Hepatoblastoma and liver tumours in children


Liver tumours are rare in children. They represent 1% of all solid paediatric tumours and are malignant in 2/3 of all cases. Two types of tumours account for 90% of malignant tumours (excluding metastases). First of all, the hepatoblastoma which appears every year in 1 in a million children and usually occurs before the age of three. Second, the hepatocellular carcinoma which is much rarer and more likely occurs in adolescents. The carcinoma may be associated with a pre-existing liver disease and, in this case, it manifests earlier in childhood. Finally, there is a third type of tumour, which, however, is much rarer than hepatoblastoma and hepatocellular carcinoma, this is the sarcoma. It represents 10% of all liver tumours and generally affects older children. Benign liver tumours are mainly of vascular origin (haemangioma, haemangioendothelioma), followed in order of frequency by mesenchymal hamartoma, focal nodular hyperplasia and adenoma.

The main symptoms of all these liver tumours are a generally palpable liver and abdominal pain. High-quality imaging including computer tomography (CT-Scan or scanner) or magnetic resonance imaging (MRI) is required for the diagnosis and for the preoperative assessment of the tumour size. In many cases, a biopsy of the tumour must be performed under general anaesthesia.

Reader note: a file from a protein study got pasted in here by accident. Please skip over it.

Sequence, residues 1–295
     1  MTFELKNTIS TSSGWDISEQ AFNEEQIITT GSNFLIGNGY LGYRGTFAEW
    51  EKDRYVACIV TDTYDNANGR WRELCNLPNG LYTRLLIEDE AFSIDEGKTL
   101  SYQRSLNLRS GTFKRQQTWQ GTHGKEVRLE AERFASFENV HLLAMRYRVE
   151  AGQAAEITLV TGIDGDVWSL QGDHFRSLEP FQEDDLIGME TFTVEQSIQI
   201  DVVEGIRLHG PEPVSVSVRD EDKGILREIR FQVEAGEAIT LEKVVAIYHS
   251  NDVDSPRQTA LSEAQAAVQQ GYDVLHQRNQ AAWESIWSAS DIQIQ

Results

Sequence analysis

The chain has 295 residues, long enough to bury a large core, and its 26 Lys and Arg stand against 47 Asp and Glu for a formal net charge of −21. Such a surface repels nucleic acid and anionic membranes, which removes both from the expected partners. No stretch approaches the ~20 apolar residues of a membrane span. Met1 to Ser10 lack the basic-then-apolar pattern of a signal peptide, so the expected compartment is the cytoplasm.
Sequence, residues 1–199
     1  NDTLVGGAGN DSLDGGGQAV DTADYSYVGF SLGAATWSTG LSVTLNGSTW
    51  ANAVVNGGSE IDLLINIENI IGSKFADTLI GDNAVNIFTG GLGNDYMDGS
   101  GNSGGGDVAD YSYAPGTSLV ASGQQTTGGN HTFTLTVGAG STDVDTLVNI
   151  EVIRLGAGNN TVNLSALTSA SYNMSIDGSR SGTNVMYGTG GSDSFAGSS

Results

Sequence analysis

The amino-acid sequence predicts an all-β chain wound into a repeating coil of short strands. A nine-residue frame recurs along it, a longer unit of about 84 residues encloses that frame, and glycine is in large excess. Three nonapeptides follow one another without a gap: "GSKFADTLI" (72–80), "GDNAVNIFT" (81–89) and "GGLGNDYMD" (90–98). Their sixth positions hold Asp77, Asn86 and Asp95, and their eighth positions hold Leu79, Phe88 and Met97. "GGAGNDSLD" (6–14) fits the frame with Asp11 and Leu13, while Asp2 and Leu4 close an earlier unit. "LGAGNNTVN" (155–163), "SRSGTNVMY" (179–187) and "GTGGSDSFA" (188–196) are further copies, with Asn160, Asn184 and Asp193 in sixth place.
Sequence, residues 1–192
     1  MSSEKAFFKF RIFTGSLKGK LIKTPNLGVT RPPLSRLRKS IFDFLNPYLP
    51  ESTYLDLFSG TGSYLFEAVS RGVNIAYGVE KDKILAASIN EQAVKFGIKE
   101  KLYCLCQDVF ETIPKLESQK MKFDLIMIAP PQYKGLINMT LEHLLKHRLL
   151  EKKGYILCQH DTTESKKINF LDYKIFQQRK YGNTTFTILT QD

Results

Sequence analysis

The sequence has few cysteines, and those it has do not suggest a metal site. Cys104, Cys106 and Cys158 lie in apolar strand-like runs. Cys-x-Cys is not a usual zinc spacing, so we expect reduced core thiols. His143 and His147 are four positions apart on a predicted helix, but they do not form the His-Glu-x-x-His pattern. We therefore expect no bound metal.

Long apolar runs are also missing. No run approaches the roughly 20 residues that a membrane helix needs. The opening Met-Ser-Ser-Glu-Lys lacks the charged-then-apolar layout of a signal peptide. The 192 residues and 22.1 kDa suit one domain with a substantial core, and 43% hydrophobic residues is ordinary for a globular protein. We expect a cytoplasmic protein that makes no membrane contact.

The treatment of malignant tumours aims at achieving complete surgical removal. This operation is nearly always combined with chemotherapy before and after the operation. When the tumour cannot be removed by surgery, liver transplant may be an option to cure the child. The progresses achieved in medical and surgical healthcare have contributed considerably to the improvement of the prognosis of children affected by one of these tumours.

Benign tumours, however, are monitored. When these tumours turn out to be locally invasive, they are treated either by ablation surgery or by procedures of interventional radiology.

Dr. Eliane Rahal